Sin turns you into an animal

If you’re into hiding your sin, the Bible says you’re either a horse or a mule, and neither one is meant as a compliment…

Psalm 32:9 – “Do not be like a senseless horse or mule that needs a bit and bridle to keep it under control.”

When it comes to sin, are you a horse or a mule? Let me explain…

Let’s start with the horses…

Horses love to run. That’s one thing they do very well. In fact, people bet a lot of money that their horse can outrun your horse in a race.

When it comes to sin, some people are like horses because they just want to run with it. They know it’s wrong, but it’s also fun, so they indulge. They’re the people Paul writes about in Ephesians who have lost all sensitivity and have given themselves over to sensuality so as to indulge in every kind of impurity, with a continual lust for more (Eph 4:19). They’re having a blast with their sin, and since the consequences haven’t hit yet, there’s no need to stop now…that’s what they believe, anyway.

 

Now on to the mules…

Mules are known for 2 main things: 1) carrying big loads, and 2) being stubborn.

When it comes to sin, if you’re not a horse, you’re probably a mule. You’ve known your sin is wrong all along, and it’s not that you lead a flamboyantly sinful life, but you’re just too stubborn to admit that you were wrong. Plus, just like a mule, not only are you stubborn, but you’re carrying a big load – your guilt.

 

You can be a horse AND a mule.

The Bible talks about a few guys who were both. One guy who comes to mind is a guy who stole another man’s wife, got her pregnant, then had her husband killed to cover it all up. You know him as “the man after God’s own heart” and the author of Psalm 32: DAVID! The Bathsheba thing was his run as a horse, then he turned into a mule. The baby was born, the deed was done, and David moved on with life and his new wife. He was stubborn (and stupid) enough to think that he could get away with it. He was wrong. The prophet Nathan proved him wrong in 2 Samuel 12.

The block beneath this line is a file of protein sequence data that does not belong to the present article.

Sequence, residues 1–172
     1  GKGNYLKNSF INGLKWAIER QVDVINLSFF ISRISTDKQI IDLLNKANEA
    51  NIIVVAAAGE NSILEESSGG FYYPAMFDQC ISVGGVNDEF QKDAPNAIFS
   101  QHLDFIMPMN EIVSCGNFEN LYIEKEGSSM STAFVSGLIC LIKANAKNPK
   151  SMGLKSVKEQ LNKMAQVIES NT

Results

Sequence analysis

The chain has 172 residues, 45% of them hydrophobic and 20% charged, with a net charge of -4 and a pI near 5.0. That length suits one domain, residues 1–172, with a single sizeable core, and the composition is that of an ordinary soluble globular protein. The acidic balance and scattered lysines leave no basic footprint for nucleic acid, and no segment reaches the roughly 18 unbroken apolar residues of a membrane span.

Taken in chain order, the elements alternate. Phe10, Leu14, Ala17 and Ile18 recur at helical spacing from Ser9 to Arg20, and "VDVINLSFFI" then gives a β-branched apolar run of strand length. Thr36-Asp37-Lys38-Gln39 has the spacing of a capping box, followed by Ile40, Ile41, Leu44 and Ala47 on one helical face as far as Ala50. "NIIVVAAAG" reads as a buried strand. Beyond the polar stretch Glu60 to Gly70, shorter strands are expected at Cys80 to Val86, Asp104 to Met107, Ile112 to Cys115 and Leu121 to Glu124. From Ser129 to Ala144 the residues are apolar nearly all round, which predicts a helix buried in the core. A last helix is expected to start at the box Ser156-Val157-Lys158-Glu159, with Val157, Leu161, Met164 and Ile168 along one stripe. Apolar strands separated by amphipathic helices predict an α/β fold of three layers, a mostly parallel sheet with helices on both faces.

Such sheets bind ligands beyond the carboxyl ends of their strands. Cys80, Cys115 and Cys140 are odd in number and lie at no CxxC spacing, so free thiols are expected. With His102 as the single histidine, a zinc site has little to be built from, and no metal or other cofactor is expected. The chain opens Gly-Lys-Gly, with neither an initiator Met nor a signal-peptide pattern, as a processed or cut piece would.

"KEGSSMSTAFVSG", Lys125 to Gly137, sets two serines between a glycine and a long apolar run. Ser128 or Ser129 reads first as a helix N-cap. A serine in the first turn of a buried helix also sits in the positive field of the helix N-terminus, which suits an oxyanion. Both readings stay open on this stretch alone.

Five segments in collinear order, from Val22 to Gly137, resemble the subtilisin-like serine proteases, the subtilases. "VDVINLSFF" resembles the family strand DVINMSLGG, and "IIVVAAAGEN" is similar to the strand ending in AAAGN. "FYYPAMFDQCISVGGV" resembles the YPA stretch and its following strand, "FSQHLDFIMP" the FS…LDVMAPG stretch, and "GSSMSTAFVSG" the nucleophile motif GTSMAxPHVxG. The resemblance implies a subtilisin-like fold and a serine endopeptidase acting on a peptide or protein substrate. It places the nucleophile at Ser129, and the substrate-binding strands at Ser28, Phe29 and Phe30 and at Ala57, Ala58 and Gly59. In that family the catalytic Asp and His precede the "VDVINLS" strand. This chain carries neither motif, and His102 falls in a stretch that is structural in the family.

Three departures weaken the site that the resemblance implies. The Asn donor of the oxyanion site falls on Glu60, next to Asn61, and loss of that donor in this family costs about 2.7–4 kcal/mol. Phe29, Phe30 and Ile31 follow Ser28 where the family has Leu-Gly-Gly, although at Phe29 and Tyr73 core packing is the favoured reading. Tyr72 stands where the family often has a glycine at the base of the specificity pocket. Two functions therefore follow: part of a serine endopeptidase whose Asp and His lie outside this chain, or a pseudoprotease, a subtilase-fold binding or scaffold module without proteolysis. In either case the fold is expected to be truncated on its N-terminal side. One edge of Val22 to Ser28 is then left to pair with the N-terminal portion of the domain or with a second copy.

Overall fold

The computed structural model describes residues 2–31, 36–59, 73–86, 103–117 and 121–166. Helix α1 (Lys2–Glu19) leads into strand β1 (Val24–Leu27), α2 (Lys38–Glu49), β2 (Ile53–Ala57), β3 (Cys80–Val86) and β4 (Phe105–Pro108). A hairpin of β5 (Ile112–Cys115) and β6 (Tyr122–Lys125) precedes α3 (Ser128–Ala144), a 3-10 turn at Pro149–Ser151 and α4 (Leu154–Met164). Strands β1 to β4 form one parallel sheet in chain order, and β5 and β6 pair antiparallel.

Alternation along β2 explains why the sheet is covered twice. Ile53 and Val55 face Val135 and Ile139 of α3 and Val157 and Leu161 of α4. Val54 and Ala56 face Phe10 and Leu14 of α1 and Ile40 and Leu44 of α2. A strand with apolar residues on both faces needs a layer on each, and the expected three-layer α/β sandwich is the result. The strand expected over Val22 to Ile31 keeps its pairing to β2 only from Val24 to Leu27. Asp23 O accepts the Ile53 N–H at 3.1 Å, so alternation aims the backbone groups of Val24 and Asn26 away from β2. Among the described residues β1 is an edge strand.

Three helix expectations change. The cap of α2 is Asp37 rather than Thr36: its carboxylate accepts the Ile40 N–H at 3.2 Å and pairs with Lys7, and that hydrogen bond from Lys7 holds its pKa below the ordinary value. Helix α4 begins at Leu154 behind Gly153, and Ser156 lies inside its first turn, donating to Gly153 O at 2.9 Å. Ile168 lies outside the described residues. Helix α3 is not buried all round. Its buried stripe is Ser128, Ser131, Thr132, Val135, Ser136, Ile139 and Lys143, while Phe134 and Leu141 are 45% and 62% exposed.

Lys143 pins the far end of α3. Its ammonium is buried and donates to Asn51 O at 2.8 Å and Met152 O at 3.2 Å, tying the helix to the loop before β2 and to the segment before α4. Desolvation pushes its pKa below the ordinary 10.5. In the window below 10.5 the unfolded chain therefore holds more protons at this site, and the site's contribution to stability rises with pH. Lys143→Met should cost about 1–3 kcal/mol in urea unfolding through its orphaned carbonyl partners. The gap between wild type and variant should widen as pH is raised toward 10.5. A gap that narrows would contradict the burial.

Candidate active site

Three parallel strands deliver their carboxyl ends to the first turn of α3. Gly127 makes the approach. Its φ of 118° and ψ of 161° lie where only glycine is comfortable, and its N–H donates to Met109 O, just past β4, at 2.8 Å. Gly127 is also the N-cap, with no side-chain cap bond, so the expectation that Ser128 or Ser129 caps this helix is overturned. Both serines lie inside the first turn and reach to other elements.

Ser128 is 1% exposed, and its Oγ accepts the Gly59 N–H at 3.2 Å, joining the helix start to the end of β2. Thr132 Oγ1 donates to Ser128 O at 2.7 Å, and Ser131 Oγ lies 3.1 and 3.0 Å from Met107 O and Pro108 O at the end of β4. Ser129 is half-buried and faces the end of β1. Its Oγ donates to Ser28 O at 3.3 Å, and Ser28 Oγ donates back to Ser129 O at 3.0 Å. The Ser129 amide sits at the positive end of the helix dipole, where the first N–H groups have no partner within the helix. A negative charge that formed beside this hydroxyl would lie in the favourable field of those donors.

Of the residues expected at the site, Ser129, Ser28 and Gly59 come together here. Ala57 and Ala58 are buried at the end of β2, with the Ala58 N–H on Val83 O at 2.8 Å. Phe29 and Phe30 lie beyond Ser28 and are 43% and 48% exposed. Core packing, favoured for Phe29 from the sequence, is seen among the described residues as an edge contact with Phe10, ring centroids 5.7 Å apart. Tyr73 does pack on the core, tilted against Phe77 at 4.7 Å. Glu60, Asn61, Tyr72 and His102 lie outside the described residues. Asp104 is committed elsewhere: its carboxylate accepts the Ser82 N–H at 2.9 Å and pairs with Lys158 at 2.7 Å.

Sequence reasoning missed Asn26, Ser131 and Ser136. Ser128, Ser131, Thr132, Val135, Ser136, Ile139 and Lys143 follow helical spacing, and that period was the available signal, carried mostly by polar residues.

What horses and mules have in common.

Both animals, as wild and stubborn as they can be, must be trained and forced into submission. The day comes where the bit and bridle are introduced and the reins are pulled. That day came for David eventually, and it was extremely painful. In fact, he lost his child because of his sin.

However, his pain gave birth to Psalm 51 and Psalm 32 – 2 beautiful penitential Psalms where he weeps over his past lifestyle of unconfessed sin. He regrets those years and implores us not to follow his bad example.

 

Which one are you – horse or mule?

God is ready to forgive, regardless of what you’ve done. Confessing sin is never easy, but it’s ALWAYS worth it!

One thought on “Sin turns you into an animal

  1. Interesting. I clicked, because we share a tag, ‘thoughts’. So here’s a thought, we are neither horse nor mule. I am a human. So let us set aside the virtue of those we’ve been entrusted.

    Think of a mustard seed, a little thing, but capable of growing into a great plant. Such is joy, a little seed, but it can grow and build a wonderful framework. Sin—and bad vibes of sin—drains our joy. Another cannot fill our cup, but another can certainly encourage us to live with real joy, and exultation. Let joy be a pursuit, under the stewardship of holy spirit. Then you will know when the phone will ring. The prophets, by their own declaration, are the door, and none shall pass, but along their path. Now, I would contend the honorable gardener grow joy, and grow a great tree. For one to chastise, one must also be an expert on sin. And that is a perilous road.

    Sin is by choice. All are blessed with this choice. Society, environment, even our own annoying boredom can test our pursuit of joy and sabotage others. A nasty spiral, and the grooves of ill thought wear deep in some. But they know. What rings true, we already knew. Those in guidance of the living spirit will encounter opportunities to spread joy, real joy, and not the trappings of carnal pursuit.

    Yet some refuse the teacher, the student must be ready. Such are tongues, and perceptions, gifts of spirit. Write as you are led, and grow this experience as we were all gifted to recognize joy. If we assume a role, condemning the sinner, we must also be prepared to uplift the humbled. A daunting task, indeed. The blinders come off slowly, lest we run amok and spill the cart. šŸ˜‰

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